The 13th edition of the Carmignac Photojournalism Award is dedicated to Ghana and the ecological and social challenges the country faces.
Application is open to all photographers (press card not needed), of all nationalities. Participation can be individual or collaborative.
Selected by an international jury, the laureate will receive a €50,000 grant to carry out a 6-month field report with the support of the Fondation Carmignac, which produces, upon their return, a traveling exhibition and the publication of a monograph.
Details about this year’s call are available on the official website.
Although a benchmark in West Africa for its political stability and multiple political parties, the cradle of pan-Africanism must confront its proliferating open dumps—such as Agbogbloshie, where nearly 80,000 people reside. The United Nations Environment Programme (UNEP) has identified Ghana as one of the world’s top sites of electronic waste.
International law mobilized to limit the transport of hazardous waste with the Basel Convention in 1992, followed by the Bamako Convention in 1998. Yet no change has been implemented. Swayed by lower costs, Western Europe is one of the regions that exports the most illegal waste today—nearly 600,000 tonnes per year—despite having its own efficient recycling centres.
About 95% of electronic waste in Ghana is collected and recycled through the informal economy. Without any health regulations, this work is often carried out by untrained minors seeking to recover valuable materials, such as copper and gold. These individuals are exposed to hundreds and hundreds of harmful substances, including lead and mercury. These are not biodegradable and accumulate in the ecosystem and living beings. According to WHO (World Health Organization): “A child who consumes even a single chicken egg from Agbogbloshie will absorb 220 times the daily limit of chlorinated dioxins (environmental pollutants).”
Photography has played an important role in the life of this post-colonial society, bearing witness to daily and family life as well as revealing a political and cultural golden age in the 1960s and 1970s. It is important today that this medium confronts realities that challenges the utopia of a common world championed since independence.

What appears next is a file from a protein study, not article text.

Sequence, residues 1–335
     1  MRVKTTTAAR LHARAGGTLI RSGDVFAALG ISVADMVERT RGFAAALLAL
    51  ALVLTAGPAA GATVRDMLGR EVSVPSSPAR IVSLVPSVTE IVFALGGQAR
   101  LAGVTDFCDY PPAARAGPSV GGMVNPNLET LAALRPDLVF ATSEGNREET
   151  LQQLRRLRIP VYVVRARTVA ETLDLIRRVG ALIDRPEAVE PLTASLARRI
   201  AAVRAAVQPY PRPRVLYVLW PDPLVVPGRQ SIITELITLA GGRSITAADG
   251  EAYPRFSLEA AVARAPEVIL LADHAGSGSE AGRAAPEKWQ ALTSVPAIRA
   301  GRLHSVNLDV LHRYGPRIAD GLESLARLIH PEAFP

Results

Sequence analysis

The Carmignac Photojournalism Award (Prix Carmignac du photojournalisme) aims to support the production of a journalistic photographic project that documents this ecological, social and international crisis.
About Carmignac Photojournalism Award
In 2009, while media and photojournalism faced an unprecedented crisis, Édouard Carmignac created the Carmignac Photojournalism Award in order to support photographers working in the field. Directed by Emeric Glayse, it annually funds the production of an investigative photo reportage into human rights violations globally and the related geostrategic issues.
Previous editions of the Carmignac Photojournalism Award have focused on: Gaza (Kai Wiedenhöfer); Pachtunistan (Massimo Berruti); Zimbabwe (Robin Hammond); Chechnya (Davide Monteleone); Iran (Newsha Tavakolian); Guyana (Christophe Gin); Libya (Narciso Contreras); Nepal (Lizzie Sadin); the Arctic (Kadir van Lohuizen and Yuri Kozyrev); the Amazon (Tommaso Protti) and the Democratic Republic of Congo (Finbarr O’Reilly).
The Fondation Carmignac, created in 2000, is a corporate foundation centred around two main focuses: an art collection of more than 300 works, and the Photojournalism Award which is issued annually. In partnership with the Fondation Carmignac, directed by Charles Carmignac, Villa Carmignac, an exhibition space open to the public, was created on the site of Porquerolles in order to exhibit the collection and to host cultural and artistic events.